Carpenter Center Unveils Simon Fujiwara Exhibit

What's New at The Carpenter Center?
Visitors contemplate the provoking work "Rehearsal for a Reunion (with the father of pottery)" by Simon Fujiwara now on display at The Carpenter Center.

Students, faculty, and guests gathered at the Carpenter Center for the Visual Arts for the opening of artist Simon Fujiwara’s exhibit, "Three Easy Pieces," on Thursday. The display is Fujiwara’s first solo exhibition at an arts institution in the United States.

The exhibit consisted of sculptures of smashed mugs, video clips of dialogue between a subject and an interrogator, typed letters attached to books, and photographs. Fujiwara’s work is meant to challenge its viewers to think beyond the artistic medium and engage with the “larger social implications,” said James Voorhies, director of the Carpenter Center and organizer of the exhibit.

Fujiwara’s work, featured in museums around the world, weaves his personal experiences into broader historical, social, and political issues through mediums such as sculpture and video, Voorhies added.

“Simon’s work is a departure from his biography, growing up with a British mother and a Japanese father and being gay, in that they speak to larger issues such as gender, sexuality, and racism,” he said “That is one way these works connect the arts to our understanding of the world.”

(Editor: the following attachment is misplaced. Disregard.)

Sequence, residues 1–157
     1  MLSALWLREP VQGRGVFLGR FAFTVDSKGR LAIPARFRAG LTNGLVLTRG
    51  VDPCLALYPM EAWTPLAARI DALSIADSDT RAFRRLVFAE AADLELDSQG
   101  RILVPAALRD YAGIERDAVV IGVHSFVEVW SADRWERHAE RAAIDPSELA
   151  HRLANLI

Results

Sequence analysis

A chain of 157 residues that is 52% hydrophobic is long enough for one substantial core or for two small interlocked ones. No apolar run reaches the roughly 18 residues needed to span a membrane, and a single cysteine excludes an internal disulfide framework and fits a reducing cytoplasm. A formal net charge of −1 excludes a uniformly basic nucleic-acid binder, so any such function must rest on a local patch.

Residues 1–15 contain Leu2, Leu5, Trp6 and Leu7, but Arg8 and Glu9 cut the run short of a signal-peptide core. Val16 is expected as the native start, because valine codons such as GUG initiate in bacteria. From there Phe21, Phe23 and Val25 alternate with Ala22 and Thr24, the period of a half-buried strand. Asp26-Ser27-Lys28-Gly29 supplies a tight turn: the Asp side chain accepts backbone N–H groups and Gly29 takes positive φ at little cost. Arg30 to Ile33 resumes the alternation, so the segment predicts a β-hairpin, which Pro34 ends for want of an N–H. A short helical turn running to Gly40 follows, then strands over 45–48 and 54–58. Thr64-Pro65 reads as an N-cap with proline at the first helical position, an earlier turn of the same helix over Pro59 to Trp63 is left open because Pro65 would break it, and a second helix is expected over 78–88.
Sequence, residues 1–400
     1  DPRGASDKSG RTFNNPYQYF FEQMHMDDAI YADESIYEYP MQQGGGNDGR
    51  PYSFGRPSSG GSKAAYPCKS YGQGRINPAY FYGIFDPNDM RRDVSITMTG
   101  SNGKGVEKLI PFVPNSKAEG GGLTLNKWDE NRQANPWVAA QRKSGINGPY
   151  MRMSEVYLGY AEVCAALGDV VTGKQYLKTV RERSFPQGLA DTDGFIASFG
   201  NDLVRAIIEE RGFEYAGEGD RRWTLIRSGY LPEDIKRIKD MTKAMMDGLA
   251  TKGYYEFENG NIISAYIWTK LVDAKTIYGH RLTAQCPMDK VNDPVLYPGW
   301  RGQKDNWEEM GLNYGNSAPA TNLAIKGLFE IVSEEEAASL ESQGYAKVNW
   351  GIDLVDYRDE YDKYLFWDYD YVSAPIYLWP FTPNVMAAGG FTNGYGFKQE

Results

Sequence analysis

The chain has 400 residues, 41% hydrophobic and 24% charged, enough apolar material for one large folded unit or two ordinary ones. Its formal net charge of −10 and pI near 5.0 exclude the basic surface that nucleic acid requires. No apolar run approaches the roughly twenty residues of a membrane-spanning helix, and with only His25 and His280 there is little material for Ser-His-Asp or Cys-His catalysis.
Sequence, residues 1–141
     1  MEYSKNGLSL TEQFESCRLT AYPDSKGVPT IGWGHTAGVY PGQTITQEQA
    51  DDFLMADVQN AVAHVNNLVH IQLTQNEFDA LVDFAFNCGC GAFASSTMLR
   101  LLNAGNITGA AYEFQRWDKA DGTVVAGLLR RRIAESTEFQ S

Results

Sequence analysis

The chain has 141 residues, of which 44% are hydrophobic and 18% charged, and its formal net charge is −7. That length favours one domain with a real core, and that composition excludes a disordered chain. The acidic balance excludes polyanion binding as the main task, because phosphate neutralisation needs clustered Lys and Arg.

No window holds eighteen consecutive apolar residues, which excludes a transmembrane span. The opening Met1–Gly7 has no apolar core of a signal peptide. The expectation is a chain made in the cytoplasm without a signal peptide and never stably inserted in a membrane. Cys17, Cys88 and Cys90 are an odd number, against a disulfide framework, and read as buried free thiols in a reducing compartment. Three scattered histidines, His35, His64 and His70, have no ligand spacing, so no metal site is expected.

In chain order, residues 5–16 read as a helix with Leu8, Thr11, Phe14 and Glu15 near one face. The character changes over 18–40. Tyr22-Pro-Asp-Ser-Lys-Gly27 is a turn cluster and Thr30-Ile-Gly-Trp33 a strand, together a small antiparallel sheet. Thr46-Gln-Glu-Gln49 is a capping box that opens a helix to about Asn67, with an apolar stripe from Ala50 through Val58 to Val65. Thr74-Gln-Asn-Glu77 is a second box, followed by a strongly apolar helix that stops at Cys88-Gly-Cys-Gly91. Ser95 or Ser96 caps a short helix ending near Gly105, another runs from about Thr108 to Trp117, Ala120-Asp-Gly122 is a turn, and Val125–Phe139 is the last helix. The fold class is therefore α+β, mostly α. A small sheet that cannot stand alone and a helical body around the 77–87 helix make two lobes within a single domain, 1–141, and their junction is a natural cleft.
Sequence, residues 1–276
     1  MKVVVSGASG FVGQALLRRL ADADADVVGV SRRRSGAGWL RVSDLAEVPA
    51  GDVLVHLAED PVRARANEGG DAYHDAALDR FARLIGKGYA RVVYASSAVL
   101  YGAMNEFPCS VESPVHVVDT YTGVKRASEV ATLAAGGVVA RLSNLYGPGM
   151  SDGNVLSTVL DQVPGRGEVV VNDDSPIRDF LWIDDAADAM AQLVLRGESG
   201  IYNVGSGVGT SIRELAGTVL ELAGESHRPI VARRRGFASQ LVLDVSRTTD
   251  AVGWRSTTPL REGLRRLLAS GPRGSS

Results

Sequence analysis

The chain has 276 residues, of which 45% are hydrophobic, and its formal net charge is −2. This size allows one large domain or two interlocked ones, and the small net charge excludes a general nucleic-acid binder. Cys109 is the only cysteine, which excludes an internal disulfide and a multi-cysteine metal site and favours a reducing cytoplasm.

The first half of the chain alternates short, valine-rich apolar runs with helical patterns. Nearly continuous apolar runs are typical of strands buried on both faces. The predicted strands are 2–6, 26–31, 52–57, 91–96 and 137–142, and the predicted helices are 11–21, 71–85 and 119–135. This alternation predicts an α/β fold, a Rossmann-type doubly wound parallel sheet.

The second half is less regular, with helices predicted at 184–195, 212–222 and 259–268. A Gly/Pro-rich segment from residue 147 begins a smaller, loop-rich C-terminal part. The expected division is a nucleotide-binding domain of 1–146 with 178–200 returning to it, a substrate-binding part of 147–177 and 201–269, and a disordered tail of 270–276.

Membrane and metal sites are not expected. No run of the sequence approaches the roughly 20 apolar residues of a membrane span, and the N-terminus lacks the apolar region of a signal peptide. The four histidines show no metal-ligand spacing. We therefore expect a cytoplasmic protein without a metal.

The exhibition of Fujiwara’s work is part of a larger goal by the Carpenter Center to bring together people from different scholarly backgrounds and to encourage discussion across the disciplines, according to Voorhies.

Attendees said the the Carpenter Center, designed by Le Corbusier and completed in 1963, facilitated the exchange of ideas that Fujiwara’s exhibit inspires.

“I am a big fan of the building...this building is unlike any other building on campus,” said Ian T. Hassett ’15, a VES concentrator. “Things like this exhibit draw people in here that would not otherwise be here. Bringing people into this space, being in it, being influenced by it, even subconsciously because they are ostensibly here for the art, is an important way for people to form connections with this place.”

—Staff writer Jill E. Steinman can be reached at jill.steinman@thecrimson.com. Follow her on twitter @jillsteinman.

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